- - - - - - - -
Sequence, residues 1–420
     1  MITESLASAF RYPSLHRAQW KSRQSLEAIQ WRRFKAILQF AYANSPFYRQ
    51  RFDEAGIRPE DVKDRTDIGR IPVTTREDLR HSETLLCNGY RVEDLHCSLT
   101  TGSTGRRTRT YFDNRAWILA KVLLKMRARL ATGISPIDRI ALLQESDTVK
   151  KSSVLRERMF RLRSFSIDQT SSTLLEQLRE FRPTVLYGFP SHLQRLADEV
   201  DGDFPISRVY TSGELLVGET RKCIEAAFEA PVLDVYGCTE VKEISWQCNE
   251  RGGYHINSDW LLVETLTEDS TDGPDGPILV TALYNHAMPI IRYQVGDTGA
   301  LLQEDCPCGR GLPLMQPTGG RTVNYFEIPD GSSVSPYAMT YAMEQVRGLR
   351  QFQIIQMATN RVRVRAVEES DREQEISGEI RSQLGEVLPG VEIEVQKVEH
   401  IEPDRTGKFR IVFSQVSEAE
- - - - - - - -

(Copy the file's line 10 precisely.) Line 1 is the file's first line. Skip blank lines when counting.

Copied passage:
   401  IEPDRTGKFR IVFSQVSEAE